High-speed rail is red-hot. The U.S. Dept. of Transportation has been flooded with proposals seeking a piece of the $8 billion it received for high-speed rail grants in the American Recovery and Reinvestment Act. However, the potential plans far outstrip DOT’s ARRA rail bank account. DOT’s Federal Rail-road Administration reported on July 16 it had received 278 rail-grant “pre-applications” totaling $102.5 billion. Some applicants may not win grants, but more money may be on the way. A House committee has recommended an additional $4 billion for high-speed rail in regular 2010 appropriations.
Looking at the crush of interest, Rick Harnish, executive director of the Midwest High Speed Rail Association, says, “Basically, this confirms what we’ve been saying. All around the country people want good, high-quality, dependable train service, and there needs to be a federal program to make it happen.”
FRA is going through an “avalanche” of pre-applications that came in before the July 10 deadline, says spokesman Warren Flatau. Final applications are due on Aug. 24 for three of FRA’s four grant categories. The deadline for the fourth category is Oct. 2. DOT expects to award the first batch of rail grants in the fall. Secretary Ray LaHood says, “We’re going to try and really jump-start opportunities...in several places in the country where people have been dreaming about high-speed rail for a decade or more.”
Only states, the District of Columbia, or multistate groups are eligible to apply for the rail grants. DOT reports applications were filed by 40 states and the District of Columbia. Some states submitted multiple proposals. California led the way, with applications totaling $24.2 billion. It has plans for a $40-billion, 800-mile system linking major cities.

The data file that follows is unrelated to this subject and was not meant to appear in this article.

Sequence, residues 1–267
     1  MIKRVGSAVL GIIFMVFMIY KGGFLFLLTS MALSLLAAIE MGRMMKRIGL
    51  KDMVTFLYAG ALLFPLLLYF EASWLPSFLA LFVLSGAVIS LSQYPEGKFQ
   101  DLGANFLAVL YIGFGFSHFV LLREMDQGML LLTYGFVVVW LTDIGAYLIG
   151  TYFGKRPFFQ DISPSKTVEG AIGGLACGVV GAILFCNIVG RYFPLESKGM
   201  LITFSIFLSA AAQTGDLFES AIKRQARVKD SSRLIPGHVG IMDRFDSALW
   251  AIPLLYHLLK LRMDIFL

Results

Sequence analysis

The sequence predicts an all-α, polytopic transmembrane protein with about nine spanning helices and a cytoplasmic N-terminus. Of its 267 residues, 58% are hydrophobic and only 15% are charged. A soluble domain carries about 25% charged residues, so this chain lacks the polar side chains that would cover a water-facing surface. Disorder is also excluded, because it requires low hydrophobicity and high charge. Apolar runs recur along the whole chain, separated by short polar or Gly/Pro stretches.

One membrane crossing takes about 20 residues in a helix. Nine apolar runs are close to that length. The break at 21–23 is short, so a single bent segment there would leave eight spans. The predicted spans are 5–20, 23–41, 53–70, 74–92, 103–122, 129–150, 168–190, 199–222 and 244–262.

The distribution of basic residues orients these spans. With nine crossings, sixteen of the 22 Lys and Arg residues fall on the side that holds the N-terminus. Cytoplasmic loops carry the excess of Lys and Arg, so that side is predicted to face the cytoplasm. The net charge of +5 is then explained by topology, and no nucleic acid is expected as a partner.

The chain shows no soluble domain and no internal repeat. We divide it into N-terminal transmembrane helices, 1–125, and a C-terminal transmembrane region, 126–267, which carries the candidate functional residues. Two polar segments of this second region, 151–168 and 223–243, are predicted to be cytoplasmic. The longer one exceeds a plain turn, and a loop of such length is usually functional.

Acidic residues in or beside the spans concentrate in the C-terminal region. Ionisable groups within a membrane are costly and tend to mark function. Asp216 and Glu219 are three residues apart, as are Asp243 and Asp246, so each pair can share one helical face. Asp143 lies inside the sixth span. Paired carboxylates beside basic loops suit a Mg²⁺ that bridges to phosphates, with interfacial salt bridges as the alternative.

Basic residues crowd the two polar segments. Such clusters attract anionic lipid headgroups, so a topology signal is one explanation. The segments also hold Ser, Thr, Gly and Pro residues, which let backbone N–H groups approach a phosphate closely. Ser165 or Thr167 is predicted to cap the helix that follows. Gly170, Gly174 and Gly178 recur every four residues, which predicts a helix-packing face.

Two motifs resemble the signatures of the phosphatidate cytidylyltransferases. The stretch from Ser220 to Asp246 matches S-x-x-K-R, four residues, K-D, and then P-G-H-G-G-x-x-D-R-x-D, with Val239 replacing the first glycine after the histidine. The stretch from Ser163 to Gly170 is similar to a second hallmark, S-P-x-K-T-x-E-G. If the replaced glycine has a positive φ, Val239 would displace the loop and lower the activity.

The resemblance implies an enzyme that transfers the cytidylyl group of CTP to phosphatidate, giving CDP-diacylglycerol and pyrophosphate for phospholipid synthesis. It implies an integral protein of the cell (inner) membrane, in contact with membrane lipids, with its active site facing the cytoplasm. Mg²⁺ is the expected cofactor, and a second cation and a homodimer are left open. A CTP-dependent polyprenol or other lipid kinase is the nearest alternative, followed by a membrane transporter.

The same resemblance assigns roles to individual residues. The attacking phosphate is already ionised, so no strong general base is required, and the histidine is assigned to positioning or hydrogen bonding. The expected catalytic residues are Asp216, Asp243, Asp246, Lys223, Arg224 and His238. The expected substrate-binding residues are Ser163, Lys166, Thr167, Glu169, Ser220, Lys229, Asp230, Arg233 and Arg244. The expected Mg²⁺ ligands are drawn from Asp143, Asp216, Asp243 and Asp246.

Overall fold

Peter Gertler, chair of high-speed rail for HNTB Corp., Kansas City, says substantive applications that include political support and local commitment come from California and the Midwest, with other good projects submitted from the Northeast and Florida.
Maryland ranked second, with more than $11 billion in proposals. Of that, $3 billion would be for projects within the state’s boundaries, most of them on Amtrak’s Northeast Corridor. Major items include $1.5 billion to replace three bridges and install new track structures and $1 billion to replace the Baltimore & Potomac tunnel, which dates from the 1870s. FRA also included in Maryland’s total about $2.4 billion for Northeast Corridor projects in other states, including $400 million for the long-delayed Moynihan station project in Manhattan.
Maryland DOT has been working with other Northeast states and agreed to take the lead for those corridor...